InjunNose4 February 2017
Warning: Spoilers
"Sanshiro Sugata" is a martial arts film with a conscience. It falls a little flat in places, but is for the most part a solid debut from legendary Japanese director Akira Kurosawa. Kurosawa's approach to his craft, which later won him global renown with masterpieces like "Rashomon" and "The Seven Samurai", is already evident in this story of a young man who begins his journey as an awkward, uncertain student, becomes a bullying hellion, and finally assumes the status of a champion judoka who has learned to fight honorably. Susumu Fujita is convincingly green and inexperienced as Sugata, and Ryunosuke Tsukigata cuts an imposing figure as his arch-opponent, Higaki; their climactic confrontation on a windswept mountainside is one of the truly great moments in martial arts cinema. If you've watched and enjoyed Kurosawa's more famous films, check out "Sanshiro Sugata" to see where it all began. Seven and a half stars.
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Best martial arts film ever!
tatsuyanakai22 August 2018
A very important film that needs to be recognized as the best martial arts film ever! As good as Kurosawa Akira samurai stories and Bruce Lee films!
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Sugata Sanshirô: Missing the appeal
Platypuschow26 July 2018
Sugata Sanshirô is recognised as a cult classic, it spawned a sequel and more than one remake but I fail to see the mass appeal of this one.

It tells the story of a man who finds himself through Judo. He trains and becomes a sensation but he finds conflicts between his passion and his heart.

It's an odd little tale, light hearted compared to many of the early Tojo films but still has the recurring theme of honour above all else. In a modern age the concept being taken to this degree doesn't translate well, in fact it comes across really quite daft.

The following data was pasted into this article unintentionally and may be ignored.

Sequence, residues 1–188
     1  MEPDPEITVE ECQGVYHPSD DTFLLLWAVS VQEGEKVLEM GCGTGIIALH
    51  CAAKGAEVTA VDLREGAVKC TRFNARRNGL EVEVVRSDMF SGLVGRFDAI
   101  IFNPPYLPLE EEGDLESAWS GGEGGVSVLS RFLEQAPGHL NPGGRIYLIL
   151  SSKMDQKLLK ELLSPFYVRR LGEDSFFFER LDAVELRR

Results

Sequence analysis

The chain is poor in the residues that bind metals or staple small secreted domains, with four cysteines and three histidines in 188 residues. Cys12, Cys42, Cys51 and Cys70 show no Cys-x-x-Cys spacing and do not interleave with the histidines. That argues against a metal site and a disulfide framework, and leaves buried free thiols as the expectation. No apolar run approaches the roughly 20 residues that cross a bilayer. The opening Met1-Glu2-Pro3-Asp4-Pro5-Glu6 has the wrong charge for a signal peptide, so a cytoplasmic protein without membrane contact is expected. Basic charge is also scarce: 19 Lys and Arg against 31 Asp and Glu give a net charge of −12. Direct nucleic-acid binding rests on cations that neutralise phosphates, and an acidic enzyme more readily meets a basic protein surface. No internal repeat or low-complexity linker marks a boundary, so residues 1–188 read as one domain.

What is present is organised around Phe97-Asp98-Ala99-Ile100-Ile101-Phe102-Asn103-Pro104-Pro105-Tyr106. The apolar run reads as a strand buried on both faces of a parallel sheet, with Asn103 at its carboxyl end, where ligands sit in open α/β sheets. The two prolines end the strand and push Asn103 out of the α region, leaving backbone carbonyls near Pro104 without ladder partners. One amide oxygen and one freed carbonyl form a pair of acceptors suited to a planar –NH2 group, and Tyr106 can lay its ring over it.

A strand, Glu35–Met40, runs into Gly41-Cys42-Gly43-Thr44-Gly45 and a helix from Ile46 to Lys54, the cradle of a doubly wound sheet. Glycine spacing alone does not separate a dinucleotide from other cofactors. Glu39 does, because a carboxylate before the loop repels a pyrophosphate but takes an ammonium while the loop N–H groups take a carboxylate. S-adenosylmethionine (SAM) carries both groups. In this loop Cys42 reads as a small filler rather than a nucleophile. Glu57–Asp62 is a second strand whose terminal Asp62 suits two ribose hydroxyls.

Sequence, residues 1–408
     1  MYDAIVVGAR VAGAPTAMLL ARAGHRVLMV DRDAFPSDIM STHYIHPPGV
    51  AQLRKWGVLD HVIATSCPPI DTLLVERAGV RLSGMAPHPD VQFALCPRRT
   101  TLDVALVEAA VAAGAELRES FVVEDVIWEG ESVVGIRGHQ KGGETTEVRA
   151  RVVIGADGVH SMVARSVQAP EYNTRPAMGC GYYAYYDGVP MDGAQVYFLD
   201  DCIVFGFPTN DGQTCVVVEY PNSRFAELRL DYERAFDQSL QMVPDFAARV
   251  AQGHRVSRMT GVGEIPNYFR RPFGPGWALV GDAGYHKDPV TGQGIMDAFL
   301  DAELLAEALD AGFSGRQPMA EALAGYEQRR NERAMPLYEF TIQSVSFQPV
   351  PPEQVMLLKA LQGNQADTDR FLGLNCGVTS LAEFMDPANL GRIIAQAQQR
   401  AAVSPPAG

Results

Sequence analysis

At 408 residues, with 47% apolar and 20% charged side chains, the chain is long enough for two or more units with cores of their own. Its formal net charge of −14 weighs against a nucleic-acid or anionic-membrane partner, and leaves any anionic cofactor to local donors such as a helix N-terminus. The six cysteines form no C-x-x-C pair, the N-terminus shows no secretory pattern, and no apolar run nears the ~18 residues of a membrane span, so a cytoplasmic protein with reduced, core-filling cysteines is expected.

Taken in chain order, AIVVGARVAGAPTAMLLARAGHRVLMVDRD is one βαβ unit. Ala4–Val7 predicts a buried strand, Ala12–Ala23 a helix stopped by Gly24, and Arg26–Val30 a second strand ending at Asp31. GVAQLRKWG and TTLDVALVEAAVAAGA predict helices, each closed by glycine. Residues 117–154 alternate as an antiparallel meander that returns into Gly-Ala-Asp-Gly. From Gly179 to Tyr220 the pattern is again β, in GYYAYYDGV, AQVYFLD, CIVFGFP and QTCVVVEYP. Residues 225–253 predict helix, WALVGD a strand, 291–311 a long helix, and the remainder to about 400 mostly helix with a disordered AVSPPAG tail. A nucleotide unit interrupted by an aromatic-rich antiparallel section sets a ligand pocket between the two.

The judo sequences are oddly over the top, the plot is thin and though it's hardly terrible I certainly don't "Get it".

The Good:


The Bad:

Certainly niche

More over the top than you'd expect

Things I Learnt From This Movie:

Slow dancing is customary before a judo competition

30ft throws are normal in Judo

Judo bouts are often to the death

Judo duels are a thing
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Kurosawa's first movie
Leofwine_draca8 May 2017
Warning: Spoilers
SANSHIRO SUGATA is a work of Japanese drama notable for being the first completed feature from famed director Akira Kurosawa. Seen today it's a rather dated effort, quite slow paced, that nonetheless deserves kudos for being one of the earliest martial arts films in existence. The film charts the life and times of a fictionalised martial artist and early judo proponent. It's surprising how many elements of the film later became prevalent in martial arts cinema.

The protagonist must undergo basic training and learn to become a better person under the tutelage of a wise old master. There are duels with fierce and imposing rivals and even a tournament battle. The cast give typically understated performances, and Kurosawa's sense of visual dynamism is what makes this stand out; the final duel on the wind-swept hillside is excellent.
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A promising debut from the great director
Matt-the-Hasp20 December 2016